Table 6 reports descriptive statistics, which further exposes the small size of the Romanian stock market when compared to developed ones, e.g. a mean stock price of RON 1.334 (approximately USD 0.31 based on the exchange rate at the end of 2016, compared to USD 18.89 reported for the American market [47].

Table 7 provides information on the correlation between variables. All accounting variables selected are correlated with equity prices, which gives an indication of their value relevance. Total assets and book value of equity have the largest correlation coefficient (0.802 and 0.797), followed by net income with 0.632. The results are consistent with previous studies, book value of equity being reported as more value relevant than net income [47], [23], [49]. However, a distinctive feature is the position of total assets, which normally ranks below book value of equity and net income [47]. Total assets also feature large correlation coefficients in relation with sales (0.836) and book value of equity (0.834), which raises collinearity concerns.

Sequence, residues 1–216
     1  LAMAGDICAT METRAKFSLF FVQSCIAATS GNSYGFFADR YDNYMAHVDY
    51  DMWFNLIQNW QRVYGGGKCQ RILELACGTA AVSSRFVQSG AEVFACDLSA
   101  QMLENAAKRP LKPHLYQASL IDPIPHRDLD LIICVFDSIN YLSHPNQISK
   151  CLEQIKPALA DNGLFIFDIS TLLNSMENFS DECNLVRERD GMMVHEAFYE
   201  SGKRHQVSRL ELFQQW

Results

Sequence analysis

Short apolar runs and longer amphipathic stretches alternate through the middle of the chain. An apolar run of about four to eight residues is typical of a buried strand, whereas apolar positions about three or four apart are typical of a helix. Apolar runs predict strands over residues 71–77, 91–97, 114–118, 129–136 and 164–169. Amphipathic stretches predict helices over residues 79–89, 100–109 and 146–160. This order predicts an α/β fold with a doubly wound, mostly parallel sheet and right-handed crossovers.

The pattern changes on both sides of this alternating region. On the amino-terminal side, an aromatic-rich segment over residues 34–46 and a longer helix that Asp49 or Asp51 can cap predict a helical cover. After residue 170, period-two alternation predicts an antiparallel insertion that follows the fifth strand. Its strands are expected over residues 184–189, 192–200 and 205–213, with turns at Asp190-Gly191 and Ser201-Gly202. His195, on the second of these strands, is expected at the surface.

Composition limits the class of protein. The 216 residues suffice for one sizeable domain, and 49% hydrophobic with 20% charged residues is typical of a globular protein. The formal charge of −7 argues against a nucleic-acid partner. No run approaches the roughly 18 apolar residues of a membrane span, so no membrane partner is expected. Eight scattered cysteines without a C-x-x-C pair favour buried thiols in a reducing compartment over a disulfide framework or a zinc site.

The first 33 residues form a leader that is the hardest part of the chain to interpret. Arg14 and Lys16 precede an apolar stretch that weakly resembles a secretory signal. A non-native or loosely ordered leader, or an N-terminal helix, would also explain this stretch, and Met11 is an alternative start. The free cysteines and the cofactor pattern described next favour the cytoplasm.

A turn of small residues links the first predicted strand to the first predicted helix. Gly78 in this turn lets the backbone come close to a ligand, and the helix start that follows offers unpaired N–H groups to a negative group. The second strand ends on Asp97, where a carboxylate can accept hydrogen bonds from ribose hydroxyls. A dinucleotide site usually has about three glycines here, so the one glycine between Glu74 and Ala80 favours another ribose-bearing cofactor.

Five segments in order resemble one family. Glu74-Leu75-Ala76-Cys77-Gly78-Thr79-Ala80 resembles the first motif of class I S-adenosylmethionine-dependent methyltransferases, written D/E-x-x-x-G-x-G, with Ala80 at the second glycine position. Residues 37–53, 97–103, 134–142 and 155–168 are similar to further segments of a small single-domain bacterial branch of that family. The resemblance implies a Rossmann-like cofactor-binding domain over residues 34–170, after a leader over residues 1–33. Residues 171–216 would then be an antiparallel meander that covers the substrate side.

Changes in value relevance over time—Basic model

To explore the evolution of value relevance we first run Eq (1) on a yearly basis. Cross data analysis for the basic model (Table 8) shows an increasing trend in value relevance, adjusted R2 rising from 0.522 in 2009 to 0.788 in 2016, all coefficients of determination computed for the post-IFRS adoption years being superior to those reported for the years listed companies complied with EU Directives. With one exception, coefficients for net income and book value of equity are both positive and significant, book value of equity being in all cases significant at 0.1%. In 2015, book value of equity acts as a confounder, rendering net income irrelevant, albeit in simple regression analysis, net income is positively correlated with equity prices.